We sailed late in the day on October 31st 1944 to make the fairly short voyage to Walcheren. During the night there were rumours that we were passing enemy coastal batteries but I believe that the Canadians had put them out of action. In any event they gave us no trouble. We were due to land with a follow up wave and so were a mile or two behind the main assault craft and troops. However, any thoughts that this would make for a 'cushy' landing were soon dispelled.

[Photo; Taken close to the Marine Commandos coming down from the Westkapelle beachhead. This image shows German prisoners in a Prisoner of War cage. © IWM (BU 1280).]

We watched as LCG(L)s and LCG(M)s, fitted with guns, closed in to slog it out with the German coastal batteries ensconced in massive gun emplacements. It was a David and Goliath contest of massive proportions. The bold actions of the landing craft were designed to keep the German batteries busy while the Commandos made for the shore. Even from the distance it was easy to see that these little gun-ships were being pounded but they didn't falter. Their losses were, however, very heavy.

An LCT(R) rocket craft fired a salvo but it fell short amongst allied craft in forward positions. It looked like mayhem but I believe the losses, though bad, were less severe than they appeared to us. As we watched the flashes from the German batteries we felt disappointment, and a degree of frustration, that our usual air cover was not present. It later transpired that flights were delayed by fog over the airfields. Nevertheless fighter bombers did eventually join the fray by attacking the German defences.

All this time we were making slow but steady progress towards the shore at the back of a short line of landing craft. Our attention was grabbed when the craft ahead of us was bracketed and hit by shell fire. Soon shells fell abeam of us as our position, direction and speed were plotted by the enemy gunners. I began to climb back into our Weasel for protection and had one foot on the guard rail around the LCT when we were hit. The shell fell into the Buffalo parked alongside our Weasel. Sadly Canadian engineers with packs of explosives were inside....   and we had been chatting with them just a short time earlier. The resultant explosion was contained by the Buffalo which went up in a sheet of flame and saved our Weasel from the worst of the explosion. I was blown onto the catwalk which ran around the LCT. Some men jumped overboard and were carried away on the tide but were recovered by rescue craft.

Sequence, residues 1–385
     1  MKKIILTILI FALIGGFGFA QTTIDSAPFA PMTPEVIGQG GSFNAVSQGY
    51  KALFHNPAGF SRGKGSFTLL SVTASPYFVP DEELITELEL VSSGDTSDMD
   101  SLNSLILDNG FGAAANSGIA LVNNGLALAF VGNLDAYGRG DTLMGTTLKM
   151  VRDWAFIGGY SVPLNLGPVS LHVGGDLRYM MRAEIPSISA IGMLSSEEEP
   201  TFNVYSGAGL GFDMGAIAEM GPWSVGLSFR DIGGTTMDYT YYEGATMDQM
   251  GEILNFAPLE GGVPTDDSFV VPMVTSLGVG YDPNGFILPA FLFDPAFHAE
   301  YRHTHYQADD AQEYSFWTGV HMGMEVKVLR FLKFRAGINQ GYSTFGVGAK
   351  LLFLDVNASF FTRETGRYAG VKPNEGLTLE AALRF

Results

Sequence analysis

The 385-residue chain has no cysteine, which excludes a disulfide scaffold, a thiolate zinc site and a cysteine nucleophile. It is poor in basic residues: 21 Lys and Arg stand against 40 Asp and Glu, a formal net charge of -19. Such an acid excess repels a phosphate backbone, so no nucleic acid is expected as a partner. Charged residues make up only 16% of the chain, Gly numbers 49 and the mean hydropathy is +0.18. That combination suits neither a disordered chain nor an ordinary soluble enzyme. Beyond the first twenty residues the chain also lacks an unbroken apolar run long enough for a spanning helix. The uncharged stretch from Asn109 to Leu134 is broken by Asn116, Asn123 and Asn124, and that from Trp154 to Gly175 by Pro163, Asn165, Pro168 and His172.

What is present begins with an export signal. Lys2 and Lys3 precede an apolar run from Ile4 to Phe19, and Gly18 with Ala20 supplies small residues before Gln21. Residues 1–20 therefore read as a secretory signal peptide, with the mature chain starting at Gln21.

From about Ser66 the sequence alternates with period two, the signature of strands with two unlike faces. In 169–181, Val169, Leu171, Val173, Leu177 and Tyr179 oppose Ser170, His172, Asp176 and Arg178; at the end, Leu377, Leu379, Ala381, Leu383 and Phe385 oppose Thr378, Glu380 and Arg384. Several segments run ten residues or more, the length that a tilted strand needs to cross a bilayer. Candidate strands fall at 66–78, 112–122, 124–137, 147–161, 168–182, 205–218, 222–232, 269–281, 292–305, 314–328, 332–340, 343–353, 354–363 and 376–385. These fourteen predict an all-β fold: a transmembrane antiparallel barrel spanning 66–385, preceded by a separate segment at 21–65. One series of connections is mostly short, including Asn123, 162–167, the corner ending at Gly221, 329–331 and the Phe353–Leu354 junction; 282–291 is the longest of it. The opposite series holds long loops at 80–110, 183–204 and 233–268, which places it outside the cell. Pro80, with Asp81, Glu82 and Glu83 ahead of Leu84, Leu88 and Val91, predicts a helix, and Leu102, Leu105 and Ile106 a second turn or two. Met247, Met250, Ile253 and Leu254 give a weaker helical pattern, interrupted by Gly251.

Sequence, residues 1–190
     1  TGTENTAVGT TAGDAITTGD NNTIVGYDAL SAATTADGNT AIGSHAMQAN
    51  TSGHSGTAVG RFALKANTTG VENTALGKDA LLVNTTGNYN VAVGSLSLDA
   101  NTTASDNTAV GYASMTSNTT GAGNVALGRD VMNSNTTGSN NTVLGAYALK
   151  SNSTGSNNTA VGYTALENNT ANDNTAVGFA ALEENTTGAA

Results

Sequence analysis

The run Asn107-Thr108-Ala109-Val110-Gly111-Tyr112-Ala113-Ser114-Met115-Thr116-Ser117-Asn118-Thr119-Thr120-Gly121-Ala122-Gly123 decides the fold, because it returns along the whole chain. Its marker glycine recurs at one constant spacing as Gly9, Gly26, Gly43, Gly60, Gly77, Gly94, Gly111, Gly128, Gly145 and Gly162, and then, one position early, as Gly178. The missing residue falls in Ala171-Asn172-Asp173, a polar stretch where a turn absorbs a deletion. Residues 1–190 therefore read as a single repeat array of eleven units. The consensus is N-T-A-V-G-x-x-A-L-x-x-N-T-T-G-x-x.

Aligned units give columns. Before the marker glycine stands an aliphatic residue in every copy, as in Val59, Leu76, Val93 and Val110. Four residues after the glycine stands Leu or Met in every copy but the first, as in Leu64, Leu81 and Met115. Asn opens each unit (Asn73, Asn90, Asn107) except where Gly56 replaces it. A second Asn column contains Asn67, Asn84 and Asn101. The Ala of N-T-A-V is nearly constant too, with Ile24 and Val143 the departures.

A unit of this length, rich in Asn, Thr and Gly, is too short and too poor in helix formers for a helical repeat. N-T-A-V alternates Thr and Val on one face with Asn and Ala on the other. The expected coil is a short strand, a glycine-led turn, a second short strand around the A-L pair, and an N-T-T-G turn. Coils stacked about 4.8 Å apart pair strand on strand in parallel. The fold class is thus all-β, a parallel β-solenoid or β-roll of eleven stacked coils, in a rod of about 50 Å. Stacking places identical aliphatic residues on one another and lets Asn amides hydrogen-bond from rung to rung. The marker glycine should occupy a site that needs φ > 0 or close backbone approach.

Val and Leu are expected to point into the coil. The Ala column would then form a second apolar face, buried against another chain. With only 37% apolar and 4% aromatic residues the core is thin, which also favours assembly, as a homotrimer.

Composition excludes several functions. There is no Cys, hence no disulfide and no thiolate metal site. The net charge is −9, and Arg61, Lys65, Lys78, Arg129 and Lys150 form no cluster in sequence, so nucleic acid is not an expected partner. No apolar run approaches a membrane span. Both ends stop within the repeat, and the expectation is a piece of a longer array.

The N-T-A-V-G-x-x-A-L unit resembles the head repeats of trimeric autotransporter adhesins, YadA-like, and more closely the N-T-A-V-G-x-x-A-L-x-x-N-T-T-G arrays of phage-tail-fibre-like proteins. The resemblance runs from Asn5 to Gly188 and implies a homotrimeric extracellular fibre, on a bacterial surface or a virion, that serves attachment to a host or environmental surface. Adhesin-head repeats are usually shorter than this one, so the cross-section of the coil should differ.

I made my way to the stern of the craft where the bridge structure provided some shelter from the burning and exploding vehicle. Soon a Buffalo came alongside and took some of us ashore. We headed for the south side of the gap which had been blown in the sea walls (dykes). On shore vehicles were burning, filling the air with black smoke. Wreckage was strewn about all over the place.

Bomber Command had earlier breached the dykes and the interior of the island was flooded. Small areas of higher ground were sticking out of the water but Westkapelle village itself was badly inundated. The flooding on the southern side of the gap contained the fighting to a very narrow front only a few hundred yards wide. It was along this narrow strip of dry land that the Commandos faced massive gun emplacements and land mines.

Around this time one of our FOBs and his sparker were wounded by a mortar bomb. The Medical Officer (M.O) was treating them in the crater when a second bomb killed them all. This disproved the old adage about two bombs not falling on the same spot.